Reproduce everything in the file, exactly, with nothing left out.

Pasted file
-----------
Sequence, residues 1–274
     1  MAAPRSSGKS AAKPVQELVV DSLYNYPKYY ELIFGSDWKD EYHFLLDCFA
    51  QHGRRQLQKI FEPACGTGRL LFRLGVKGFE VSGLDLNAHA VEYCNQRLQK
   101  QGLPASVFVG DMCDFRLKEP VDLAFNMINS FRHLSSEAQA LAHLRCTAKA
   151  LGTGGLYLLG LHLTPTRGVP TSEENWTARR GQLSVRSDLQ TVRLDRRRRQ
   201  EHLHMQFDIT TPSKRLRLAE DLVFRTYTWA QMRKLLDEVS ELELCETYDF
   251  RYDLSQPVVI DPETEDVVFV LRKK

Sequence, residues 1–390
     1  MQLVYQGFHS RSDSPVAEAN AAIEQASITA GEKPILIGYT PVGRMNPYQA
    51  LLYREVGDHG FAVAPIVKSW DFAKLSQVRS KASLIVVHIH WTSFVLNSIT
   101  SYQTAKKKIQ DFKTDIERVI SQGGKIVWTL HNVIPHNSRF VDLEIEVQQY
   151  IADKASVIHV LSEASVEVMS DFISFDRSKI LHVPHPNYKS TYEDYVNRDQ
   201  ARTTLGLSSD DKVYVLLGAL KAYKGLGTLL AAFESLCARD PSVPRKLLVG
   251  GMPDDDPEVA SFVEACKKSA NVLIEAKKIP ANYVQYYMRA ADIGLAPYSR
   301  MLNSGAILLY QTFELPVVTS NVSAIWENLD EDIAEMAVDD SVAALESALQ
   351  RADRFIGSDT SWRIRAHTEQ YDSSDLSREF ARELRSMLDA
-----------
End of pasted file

Sequence, residues 1–274
     1  MAAPRSSGKS AAKPVQELVV DSLYNYPKYY ELIFGSDWKD EYHFLLDCFA
    51  QHGRRQLQKI FEPACGTGRL LFRLGVKGFE VSGLDLNAHA VEYCNQRLQK
   101  QGLPASVFVG DMCDFRLKEP VDLAFNMINS FRHLSSEAQA LAHLRCTAKA
   151  LGTGGLYLLG LHLTPTRGVP TSEENWTARR GQLSVRSDLQ TVRLDRRRRQ
   201  EHLHMQFDIT TPSKRLRLAE DLVFRTYTWA QMRKLLDEVS ELELCETYDF
   251  RYDLSQPVVI DPETEDVVFV LRKK

Sequence, residues 1–390
     1  MQLVYQGFHS RSDSPVAEAN AAIEQASITA GEKPILIGYT PVGRMNPYQA
    51  LLYREVGDHG FAVAPIVKSW DFAKLSQVRS KASLIVVHIH WTSFVLNSIT
   101  SYQTAKKKIQ DFKTDIERVI SQGGKIVWTL HNVIPHNSRF VDLEIEVQQY
   151  IADKASVIHV LSEASVEVMS DFISFDRSKI LHVPHPNYKS TYEDYVNRDQ
   201  ARTTLGLSSD DKVYVLLGAL KAYKGLGTLL AAFESLCARD PSVPRKLLVG
   251  GMPDDDPEVA SFVEACKKSA NVLIEAKKIP ANYVQYYMRA ADIGLAPYSR
   301  MLNSGAILLY QTFELPVVTS NVSAIWENLD EDIAEMAVDD SVAALESALQ
   351  RADRFIGSDT SWRIRAHTEQ YDSSDLSREF ARELRSMLDA